Southern Culture Artisan Foods Before Shark Tank
Southern Culture Artisan Foods, prior to its appearance on Shark Tank, struggled to stay in business. Despite a yummy product, little marketing or advertising was done for these line of products, and so the only product available by Southern Culture Artisan Foods prior to its Shark Tank appearance was a simple cooking mix meant to be added to pancake or waffle mix.
Southern Culture Artisan Foods on Shark Tank
Erica Barrett is the founder of Southern Culture Artisan Foods, which is a breakfast lifestyle brand. She is seeking $100,000 for a 25% stake in her company. In order to explain the founding of Southern Culture Artisan Foods, Erica launches into a story by saying how one morning, she had to run to the store to find ingredients to make her favorite breakfast, strawberry pancakes. She had to find all the ingredients, but wanted to use all-natural, organic ingredients, but her bill was close to $35. However, she has created Shortstacks to change that. Shortstacks are a mix which can be added to cooking, and are intended to give food that delicious home-cooked taste, and include unique flavors like banana pudding, oatmeal raisin cookie, and bourbon salted pecan. Of course, organic, all natural ingredients are used, and since no dairy is used, these pancakes and waffles are safe for all diets.
As with all food on Shark Tank, Erica has brought a sample for the Sharks, which they taste and enjoy. The sharks question how sales are, which Erica explains that she has earned $100,000 in the first 12 months of opening up, which was sold mostly through Nordstrom and TJ Maxx. Nordstrom has since re-ordered, while Erica is working on getting through with Whole Foods, which is a big retail chain based out west. The product costs around $.99 to $1.49 to make, while it retails for $7.99 and she sells for around $5.00. This makes around 12 pancakes or waffles.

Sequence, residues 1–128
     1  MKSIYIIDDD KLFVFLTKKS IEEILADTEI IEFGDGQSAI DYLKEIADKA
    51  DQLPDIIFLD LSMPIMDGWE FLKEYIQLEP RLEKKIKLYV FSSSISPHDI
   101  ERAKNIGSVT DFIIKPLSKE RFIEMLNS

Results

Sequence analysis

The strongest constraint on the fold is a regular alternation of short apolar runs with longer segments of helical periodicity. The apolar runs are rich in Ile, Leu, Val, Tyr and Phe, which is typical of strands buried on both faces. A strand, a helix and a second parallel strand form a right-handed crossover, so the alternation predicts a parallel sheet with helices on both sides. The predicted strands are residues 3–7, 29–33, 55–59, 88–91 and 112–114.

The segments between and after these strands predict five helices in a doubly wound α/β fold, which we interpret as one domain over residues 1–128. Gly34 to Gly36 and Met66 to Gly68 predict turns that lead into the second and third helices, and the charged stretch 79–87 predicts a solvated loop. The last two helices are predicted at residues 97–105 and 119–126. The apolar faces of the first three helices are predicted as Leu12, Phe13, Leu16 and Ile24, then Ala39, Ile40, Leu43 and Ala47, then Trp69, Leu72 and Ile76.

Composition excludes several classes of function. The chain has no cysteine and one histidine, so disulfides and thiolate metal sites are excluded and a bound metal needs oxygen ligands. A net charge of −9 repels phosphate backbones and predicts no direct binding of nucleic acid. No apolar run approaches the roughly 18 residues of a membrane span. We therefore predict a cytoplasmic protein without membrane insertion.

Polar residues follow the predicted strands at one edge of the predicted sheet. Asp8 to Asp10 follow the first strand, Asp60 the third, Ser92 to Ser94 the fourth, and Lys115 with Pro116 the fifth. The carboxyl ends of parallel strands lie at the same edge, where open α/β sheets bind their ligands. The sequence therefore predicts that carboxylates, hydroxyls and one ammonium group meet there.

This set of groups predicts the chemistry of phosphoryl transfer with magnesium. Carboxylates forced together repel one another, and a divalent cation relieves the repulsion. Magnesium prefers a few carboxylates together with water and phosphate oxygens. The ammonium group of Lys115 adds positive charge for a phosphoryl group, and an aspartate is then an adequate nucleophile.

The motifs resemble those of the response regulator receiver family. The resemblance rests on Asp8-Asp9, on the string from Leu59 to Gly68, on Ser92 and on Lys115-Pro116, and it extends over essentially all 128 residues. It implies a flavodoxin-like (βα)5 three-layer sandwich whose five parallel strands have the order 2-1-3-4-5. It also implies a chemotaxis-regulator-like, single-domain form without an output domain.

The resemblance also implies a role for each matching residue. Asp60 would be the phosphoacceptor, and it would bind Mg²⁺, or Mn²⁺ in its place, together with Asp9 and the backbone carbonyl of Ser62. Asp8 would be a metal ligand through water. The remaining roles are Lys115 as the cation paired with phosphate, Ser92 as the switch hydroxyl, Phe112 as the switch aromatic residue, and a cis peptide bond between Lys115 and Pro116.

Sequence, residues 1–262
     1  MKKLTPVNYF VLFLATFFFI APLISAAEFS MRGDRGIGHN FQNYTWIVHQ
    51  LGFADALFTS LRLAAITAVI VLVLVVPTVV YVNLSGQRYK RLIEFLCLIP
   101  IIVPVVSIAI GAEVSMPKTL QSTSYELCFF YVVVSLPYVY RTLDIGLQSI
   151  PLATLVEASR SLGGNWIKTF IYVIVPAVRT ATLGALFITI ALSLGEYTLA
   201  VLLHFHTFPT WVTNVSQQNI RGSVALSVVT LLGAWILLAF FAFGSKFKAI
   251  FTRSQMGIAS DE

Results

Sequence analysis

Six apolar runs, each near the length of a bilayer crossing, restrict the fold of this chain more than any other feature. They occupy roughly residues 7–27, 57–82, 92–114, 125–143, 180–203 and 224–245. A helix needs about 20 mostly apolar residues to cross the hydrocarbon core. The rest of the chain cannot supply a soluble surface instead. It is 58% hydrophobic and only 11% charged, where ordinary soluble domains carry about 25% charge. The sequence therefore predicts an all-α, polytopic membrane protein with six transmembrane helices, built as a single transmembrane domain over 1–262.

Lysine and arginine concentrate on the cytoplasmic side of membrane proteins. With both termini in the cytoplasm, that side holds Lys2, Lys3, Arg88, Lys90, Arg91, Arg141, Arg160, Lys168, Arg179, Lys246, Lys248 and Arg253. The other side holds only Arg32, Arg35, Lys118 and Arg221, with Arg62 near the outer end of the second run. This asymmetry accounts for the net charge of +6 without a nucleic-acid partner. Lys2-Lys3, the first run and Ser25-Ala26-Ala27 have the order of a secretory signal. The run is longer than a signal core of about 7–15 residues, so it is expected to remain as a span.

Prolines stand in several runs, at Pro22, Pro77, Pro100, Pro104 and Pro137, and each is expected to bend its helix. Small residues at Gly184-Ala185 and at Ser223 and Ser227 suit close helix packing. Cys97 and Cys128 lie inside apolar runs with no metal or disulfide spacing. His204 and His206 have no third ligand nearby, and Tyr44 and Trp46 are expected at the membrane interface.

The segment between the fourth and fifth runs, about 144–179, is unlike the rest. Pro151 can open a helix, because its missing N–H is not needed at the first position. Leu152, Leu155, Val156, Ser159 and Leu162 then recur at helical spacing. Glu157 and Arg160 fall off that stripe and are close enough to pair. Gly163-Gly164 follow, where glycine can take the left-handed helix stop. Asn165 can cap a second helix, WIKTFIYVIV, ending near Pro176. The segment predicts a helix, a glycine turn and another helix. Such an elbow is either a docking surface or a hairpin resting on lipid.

The sharks ask about the uniqueness of it, which Mark defends it as the southern archetype – the gourmet, delicious food. Kevin asks about growing the business and doing a country-wide rollout, which Erica hopes to move to a more regional scale of it. Erica says that she wants to start using Whole Foods as a start, and moving products through Whole Foods and possibly expanding from there. Erica says that she is obsessed with the business and rarely sleeps.
Kevin asks about competitors and why they wouldn’t take to competing with Erica, making their own brand and selling it for cheaper. Erica says that the healthy aspect of the food is changeable, and that since diets change over time, the pancake mix can change over time – she gives vegan and paleo as an example of the most recent fads. Erica also says that she is the only pancake that does not use powdered dairy, while all the other pancakes typically use powdered dairy.